T&D World Magazine

American Transmission Co. Receives Approval for Dane County Electric Transmission Line Project

After more than five years of public involvement and regulatory review, the Public Service Commission of Wisconsin verbally approved a vital addition to Dane County’s electric transmission system. American Transmission Co. will build a new 32-mi, 345-kV electric transmission line through Dane County between the towns of Middleton and Christiana along a route that generally follows the Beltline and existing rights of way, and does not include placing the line underground.

“We are pleased that the PSC agreed with our assessment of this much-needed transmission line,” said Sarah Justus, ATC local relations manager. “This is a critically important project for the Dane County region. This regulatory approval is good news for homeowners, businesses and industries that depend upon a reliable electric system.”

ATC first identified the need for the project in 2002. In 2003, the project need was independently reviewed by the Energy Initiative, a group of Wisconsin utilities, public advocacy organizations, environmental groups and local stakeholders. The group evaluated the need for new electric transmission lines and the feasibility of alternatives in meeting Dane County’s present and future electric needs.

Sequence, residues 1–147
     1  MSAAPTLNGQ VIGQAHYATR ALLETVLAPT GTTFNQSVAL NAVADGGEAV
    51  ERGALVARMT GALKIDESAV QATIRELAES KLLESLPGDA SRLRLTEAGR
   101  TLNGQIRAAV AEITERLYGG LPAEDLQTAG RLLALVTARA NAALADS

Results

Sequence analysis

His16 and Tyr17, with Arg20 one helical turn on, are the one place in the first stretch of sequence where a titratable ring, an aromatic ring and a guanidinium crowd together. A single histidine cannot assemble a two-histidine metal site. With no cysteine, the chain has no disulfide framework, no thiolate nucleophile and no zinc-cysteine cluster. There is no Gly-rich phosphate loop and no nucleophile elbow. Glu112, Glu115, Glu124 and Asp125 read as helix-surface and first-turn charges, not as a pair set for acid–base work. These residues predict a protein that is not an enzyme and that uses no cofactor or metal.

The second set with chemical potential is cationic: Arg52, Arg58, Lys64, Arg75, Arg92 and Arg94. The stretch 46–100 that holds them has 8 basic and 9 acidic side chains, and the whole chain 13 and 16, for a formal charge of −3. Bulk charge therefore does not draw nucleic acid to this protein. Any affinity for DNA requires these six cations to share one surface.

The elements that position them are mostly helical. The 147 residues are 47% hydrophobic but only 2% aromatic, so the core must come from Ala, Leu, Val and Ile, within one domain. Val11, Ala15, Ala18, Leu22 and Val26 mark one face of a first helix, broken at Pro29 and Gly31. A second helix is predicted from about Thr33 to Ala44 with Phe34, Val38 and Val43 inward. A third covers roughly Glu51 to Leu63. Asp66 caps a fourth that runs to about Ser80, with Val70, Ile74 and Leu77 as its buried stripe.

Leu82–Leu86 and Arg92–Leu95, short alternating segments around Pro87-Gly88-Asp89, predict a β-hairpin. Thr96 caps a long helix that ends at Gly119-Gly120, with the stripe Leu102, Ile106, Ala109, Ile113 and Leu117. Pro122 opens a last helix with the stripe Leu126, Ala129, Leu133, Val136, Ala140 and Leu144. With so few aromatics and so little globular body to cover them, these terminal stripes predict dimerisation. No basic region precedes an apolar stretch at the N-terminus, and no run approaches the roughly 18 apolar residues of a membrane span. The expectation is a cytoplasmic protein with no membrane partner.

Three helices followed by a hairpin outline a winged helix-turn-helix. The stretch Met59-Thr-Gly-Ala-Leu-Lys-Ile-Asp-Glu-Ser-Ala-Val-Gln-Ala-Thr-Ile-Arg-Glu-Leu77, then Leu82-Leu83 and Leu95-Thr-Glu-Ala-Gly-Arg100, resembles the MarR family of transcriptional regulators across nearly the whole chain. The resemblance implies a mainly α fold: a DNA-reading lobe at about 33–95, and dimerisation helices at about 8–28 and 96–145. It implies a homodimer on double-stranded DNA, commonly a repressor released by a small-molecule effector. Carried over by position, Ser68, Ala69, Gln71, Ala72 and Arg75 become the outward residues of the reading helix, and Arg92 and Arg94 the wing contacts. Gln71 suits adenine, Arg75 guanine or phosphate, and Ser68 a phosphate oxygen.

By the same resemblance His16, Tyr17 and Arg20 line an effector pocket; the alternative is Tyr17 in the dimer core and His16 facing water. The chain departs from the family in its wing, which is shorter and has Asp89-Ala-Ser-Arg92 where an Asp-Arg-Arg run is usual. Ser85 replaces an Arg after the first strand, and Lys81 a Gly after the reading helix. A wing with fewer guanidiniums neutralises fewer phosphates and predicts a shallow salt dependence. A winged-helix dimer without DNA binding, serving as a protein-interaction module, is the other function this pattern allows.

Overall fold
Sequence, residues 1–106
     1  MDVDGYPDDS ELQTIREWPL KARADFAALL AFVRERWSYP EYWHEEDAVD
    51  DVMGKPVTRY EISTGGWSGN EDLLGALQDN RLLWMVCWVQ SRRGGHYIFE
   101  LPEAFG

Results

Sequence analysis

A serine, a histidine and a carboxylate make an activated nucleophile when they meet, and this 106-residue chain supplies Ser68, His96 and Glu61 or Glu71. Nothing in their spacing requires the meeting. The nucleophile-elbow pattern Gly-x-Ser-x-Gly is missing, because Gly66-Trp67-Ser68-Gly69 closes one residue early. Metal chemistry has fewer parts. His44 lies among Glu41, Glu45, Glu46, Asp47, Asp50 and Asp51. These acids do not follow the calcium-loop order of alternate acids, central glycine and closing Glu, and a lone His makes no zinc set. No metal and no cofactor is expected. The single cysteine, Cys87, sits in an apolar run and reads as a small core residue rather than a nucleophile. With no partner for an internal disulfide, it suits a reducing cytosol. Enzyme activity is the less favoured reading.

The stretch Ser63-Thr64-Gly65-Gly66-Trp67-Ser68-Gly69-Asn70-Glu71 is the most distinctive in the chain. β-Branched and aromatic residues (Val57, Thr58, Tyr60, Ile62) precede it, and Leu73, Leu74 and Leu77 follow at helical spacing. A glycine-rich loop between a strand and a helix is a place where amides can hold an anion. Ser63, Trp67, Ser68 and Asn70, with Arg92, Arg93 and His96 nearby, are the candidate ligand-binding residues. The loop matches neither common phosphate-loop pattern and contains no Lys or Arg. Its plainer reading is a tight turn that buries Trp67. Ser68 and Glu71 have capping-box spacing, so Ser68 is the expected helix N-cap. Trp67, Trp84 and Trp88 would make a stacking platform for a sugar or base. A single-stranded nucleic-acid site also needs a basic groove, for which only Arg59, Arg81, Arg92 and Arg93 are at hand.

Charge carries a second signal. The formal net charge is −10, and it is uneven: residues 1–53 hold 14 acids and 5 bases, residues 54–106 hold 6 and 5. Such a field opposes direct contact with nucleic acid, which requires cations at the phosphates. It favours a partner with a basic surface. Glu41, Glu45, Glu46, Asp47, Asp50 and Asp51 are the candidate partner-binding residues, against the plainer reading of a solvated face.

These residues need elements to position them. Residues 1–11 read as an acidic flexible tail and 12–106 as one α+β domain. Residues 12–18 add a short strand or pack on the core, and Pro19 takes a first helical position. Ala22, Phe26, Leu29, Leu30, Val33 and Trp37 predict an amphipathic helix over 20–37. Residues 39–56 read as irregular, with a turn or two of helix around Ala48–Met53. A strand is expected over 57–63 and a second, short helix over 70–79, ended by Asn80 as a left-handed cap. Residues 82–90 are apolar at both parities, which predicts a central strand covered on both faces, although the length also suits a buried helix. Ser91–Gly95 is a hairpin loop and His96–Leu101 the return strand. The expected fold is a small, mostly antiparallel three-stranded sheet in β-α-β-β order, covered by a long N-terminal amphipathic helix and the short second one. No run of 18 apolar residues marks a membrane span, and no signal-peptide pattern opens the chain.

Before filing an application with the PSC in October 2007, ATC conducted extensive public outreach. “Over a five-year period we hosted 22 open houses attended by more than 3,300 people, and regularly corresponded with more than 13,000 Dane County residents, businesses and other stakeholders in an effort to address public concerns,” says Justus. “We appreciate the involvement of the public in helping to shape the decisions related to this project, and we are committed to keeping this dialogue open as we move forward.”

In discussing the Rockdale-West Middleton transmission line, the PSC asked ATC for design changes at locations along the route including near the Arboretum, Odana Hills Golf Course and the area near High Point Road. These design changes add approximately $1.2 million to the cost of the project, which is now at just over $215 million.

With receipt of the PSC’s approval, the next steps include ATC conducting detailed engineering and easement acquisition. “We will continue to communicate with affected landowners throughout this process, both by mail and by hosting information meetings as we begin construction,” says Justus.

Construction on the project is expected to begin in summer 2011, and the line is expected to be in service in 2013.

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